Former ‘It Girl’ of British design, Tara Bernerd has grown up.
Daughter of property tycoon, Elliot Bernerd, she has left her stamp on a long list of high profile projects including Crown Aspinalls Casino, Jay Jopling’s White Cube Gallery in Hoxton and an apartment in Trump Tower, as well as collaborating with Philippe Starck and her former husband John Hitchcox at Yoo.
She has designed furniture and soft furnishings for The Rug Company and has made a name for herself in hotels, with her latest, The Principal London, due to open this autumn. Her first coffee table book ‘The Rug Company’ was published this year.
How would you define your style?
Warm but handsome, with an industrial edge.
Why does your style work so well in hotels?
I always try to remember that hotels today are homes away from home. We will often pay homage to this with perhaps a fireplace at the entrance, creating a mood that greets you, as we work our way into the lounge bars and restaurants and up to our bedrooms.
Tell us about your latest hotel project, The Principal London.
The building has quite a legacy presiding over Russell Square, so we have tried to respect that, marrying the old with the demands of the new. We’ve reinstated the Palm Court as the very heart of the hotel, as well as lobbies and reception and have remodelled 370 bedrooms and suites, so it’s been a mammoth task, and I do hope that London will embrace her once more.
Where does your creative energy come from?
I was fortunate growing up that there was always creative flair around me. My grandmother was a marvellous artist while my father, who is very much a visionary, has always worked in creative development and therefore I was always exposed to incredible architecture and architects. My father has legendary energy and my mother is a force of nature, so I have inherited a lot from them, which is just as well because an abundance of energy is a necessary ingredient for my job. My father always says what I do is like pushing elephants up a hill, but when you get to the top and look around and see what you have achieved, it’s a pretty amazing moment.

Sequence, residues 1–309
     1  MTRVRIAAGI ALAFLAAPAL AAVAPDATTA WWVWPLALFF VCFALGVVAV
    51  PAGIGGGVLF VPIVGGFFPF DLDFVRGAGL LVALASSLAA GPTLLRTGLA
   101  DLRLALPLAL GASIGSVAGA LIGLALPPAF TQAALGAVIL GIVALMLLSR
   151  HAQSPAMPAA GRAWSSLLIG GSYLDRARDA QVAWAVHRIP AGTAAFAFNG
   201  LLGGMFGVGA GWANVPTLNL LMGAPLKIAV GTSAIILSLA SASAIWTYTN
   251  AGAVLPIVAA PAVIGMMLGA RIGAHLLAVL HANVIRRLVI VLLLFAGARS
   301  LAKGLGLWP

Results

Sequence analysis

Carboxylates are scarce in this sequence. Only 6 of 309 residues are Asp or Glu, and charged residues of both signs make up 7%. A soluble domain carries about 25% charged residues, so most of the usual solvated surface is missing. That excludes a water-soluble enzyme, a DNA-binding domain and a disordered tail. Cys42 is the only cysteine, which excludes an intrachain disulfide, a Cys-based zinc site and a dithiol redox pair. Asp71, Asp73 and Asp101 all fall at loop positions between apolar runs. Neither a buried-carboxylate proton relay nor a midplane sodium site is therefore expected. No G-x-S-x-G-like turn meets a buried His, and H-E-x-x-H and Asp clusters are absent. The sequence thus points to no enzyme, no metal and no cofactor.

Where do you live?
I’m constantly on the move and have become somewhat of a nomad in recent years. However, when I’m in London, my apartment on the river is my base and it completely embodies my design philosophy with its mix of concrete, woods and petrol blue leathers. It sits in a very particular spot on the river which is a great place, merging the ultra-modern in terms of the Norman Foster architecture, with a very local neighbourhood feeling of shops and bars all around Battersea Park. It’s rare to find a view right on the water with greenery and trees around. I’m drawn to nature and like to spend time in Switzerland.
What is the current thinking on bathrooms?
The way we feel about them is changing; they can no longer be throw-away areas or an afterthought. They need to be spaces of indulgence; chic havens that are practical, yet alluring.
As our lifestyles evolve and we increasingly move towards open-plan living, they have never been more relevant. Large preparation areas and work surfaces accommodate the theatre of modern dining and provide an impact aesthetically, while also being ultimately practical. Choice is also a big factor and the wealth of options available for fixtures and finishes today is incredible, allowing for one to create something truly bespoke.
Words by Susan Springate